Employment during the 36 month period immediately preceding his proven
date of disability, provided the Employee has become totally and permanently
disabled

....

10

Plan Sec. 3.07. Sections 5.02 and 5.04 provided certain rights for the surviving
spouse of a Plan participant. Plaintiff's request for survivor benefits was denied
in a letter dated January 23, 1992, signed by Fund manager Dennis W. Minoli
("Fund Letter"), the text of which read, in pertinent part, as follows:

11

In accordance with Barre Belt Pension Fund regulations, a participant must be


disabled six months before becoming eligible for a disability pension. Since

Mr. Shelden did not live six months after his date of disability, he was not
eligible for a disability pension.
12

In April 1992, plaintiff commenced the present action seeking a declaratory


judgment as to her rights under the Plan. She sought discovery from the Fund as
to why the request for disability pension payments had been denied. The Fund
answered that the reason was that Shelden had not satisfied the waiting period
antecedent to such payments. Plaintiff's interrogatory and the Fund's sworn
response were as follows:

13

3. Please state with particularity all reasons why Mr. Lawrence Alfred Shelden
was denied a disability pension under the Barre Belt Granite Employer Union
Pension Plan. This answer should include references to specific sections of the
Pension Plan.

14

Response. Mr. Shelden did not qualify for the disability pension payments
pursuant to the Barre Belt Pension Fund in view of the fact that he had not met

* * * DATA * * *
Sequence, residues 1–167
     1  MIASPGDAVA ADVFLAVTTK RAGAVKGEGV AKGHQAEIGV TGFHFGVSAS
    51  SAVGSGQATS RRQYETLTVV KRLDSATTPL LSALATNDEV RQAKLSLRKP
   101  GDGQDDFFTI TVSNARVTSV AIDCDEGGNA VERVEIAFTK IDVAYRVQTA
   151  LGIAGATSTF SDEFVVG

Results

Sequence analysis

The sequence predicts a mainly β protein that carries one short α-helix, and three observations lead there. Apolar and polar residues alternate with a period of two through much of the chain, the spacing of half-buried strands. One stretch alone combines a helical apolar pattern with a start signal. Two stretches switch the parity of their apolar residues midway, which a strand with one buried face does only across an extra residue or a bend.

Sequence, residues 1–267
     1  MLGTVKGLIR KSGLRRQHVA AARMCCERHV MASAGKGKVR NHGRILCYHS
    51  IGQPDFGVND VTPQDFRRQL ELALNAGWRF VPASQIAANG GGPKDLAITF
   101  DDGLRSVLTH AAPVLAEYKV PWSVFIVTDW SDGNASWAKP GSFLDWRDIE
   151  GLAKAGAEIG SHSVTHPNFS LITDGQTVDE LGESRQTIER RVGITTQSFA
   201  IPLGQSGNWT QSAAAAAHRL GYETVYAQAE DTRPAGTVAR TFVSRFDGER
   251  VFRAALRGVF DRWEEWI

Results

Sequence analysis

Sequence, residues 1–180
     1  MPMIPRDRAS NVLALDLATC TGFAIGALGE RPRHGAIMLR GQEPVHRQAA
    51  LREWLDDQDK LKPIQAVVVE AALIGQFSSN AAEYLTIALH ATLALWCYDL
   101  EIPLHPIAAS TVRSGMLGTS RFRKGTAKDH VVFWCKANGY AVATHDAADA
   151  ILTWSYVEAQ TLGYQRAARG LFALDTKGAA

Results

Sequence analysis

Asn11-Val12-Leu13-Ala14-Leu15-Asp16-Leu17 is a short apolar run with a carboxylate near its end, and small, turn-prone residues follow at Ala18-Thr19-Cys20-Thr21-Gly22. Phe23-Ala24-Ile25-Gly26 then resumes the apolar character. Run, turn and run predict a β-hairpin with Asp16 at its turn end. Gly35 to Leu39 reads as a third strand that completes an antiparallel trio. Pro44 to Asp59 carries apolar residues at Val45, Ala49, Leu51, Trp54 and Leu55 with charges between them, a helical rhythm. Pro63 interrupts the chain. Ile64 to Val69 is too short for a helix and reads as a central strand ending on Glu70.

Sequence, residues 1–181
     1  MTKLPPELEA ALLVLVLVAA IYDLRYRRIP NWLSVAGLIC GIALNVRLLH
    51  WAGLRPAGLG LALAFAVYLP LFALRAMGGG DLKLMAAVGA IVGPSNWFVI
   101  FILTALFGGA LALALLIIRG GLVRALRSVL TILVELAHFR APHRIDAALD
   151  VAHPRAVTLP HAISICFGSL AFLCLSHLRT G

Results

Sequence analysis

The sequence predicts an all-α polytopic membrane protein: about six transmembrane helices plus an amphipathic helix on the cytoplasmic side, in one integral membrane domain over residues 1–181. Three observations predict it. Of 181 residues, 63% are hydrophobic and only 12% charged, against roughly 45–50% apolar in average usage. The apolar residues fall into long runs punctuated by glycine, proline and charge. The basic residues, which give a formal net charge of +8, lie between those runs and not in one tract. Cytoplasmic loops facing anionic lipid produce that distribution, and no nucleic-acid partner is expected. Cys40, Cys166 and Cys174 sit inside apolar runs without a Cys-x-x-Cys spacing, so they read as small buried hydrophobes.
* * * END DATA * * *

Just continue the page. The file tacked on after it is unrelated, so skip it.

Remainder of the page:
the waiting period for the payments of disability pension pursuant to Section
3.10 of the fund. Additionally, Mr. Shelden was being paid under the short
term disability insurance benefit of the Granite Group Insurance Trust, which
payments are designed to provide some short term benefits while Mr. Shelden
met the waiting period for the commencement of the disability pension. Mr.
Shelden was not alive on the seventh month of the disability, and therefore a
disability pension could not begin.

15

(Fund's Responses to Interrogatories and Requests to Produce dated June 16,


1992, p 3.) The Fund also filed the affidavit of its manager, stating as follows:

16

12. Mr. Shelden never applied directly with us for pension benefits under the
Barre Belt Granite Employer Union Pension Plan during his lifetime;

17

13. Subsequent to his death, a request was made by the widow of Lawrence
Shelden, through her attorney, for payment of disability pension benefits;

18

14. .... [A] disability pension ... is the only ... pension available [to Shelden]
under the plan and is the benefit to which the widow of Lawrence Shelden
claims entitlement;

19

15. .... [P]ursuant to Section 3.07, Mr. Shelden would have been eligible for a
disability pension for the purpose of the Motion for Summary Judgment filed

by the Defendant;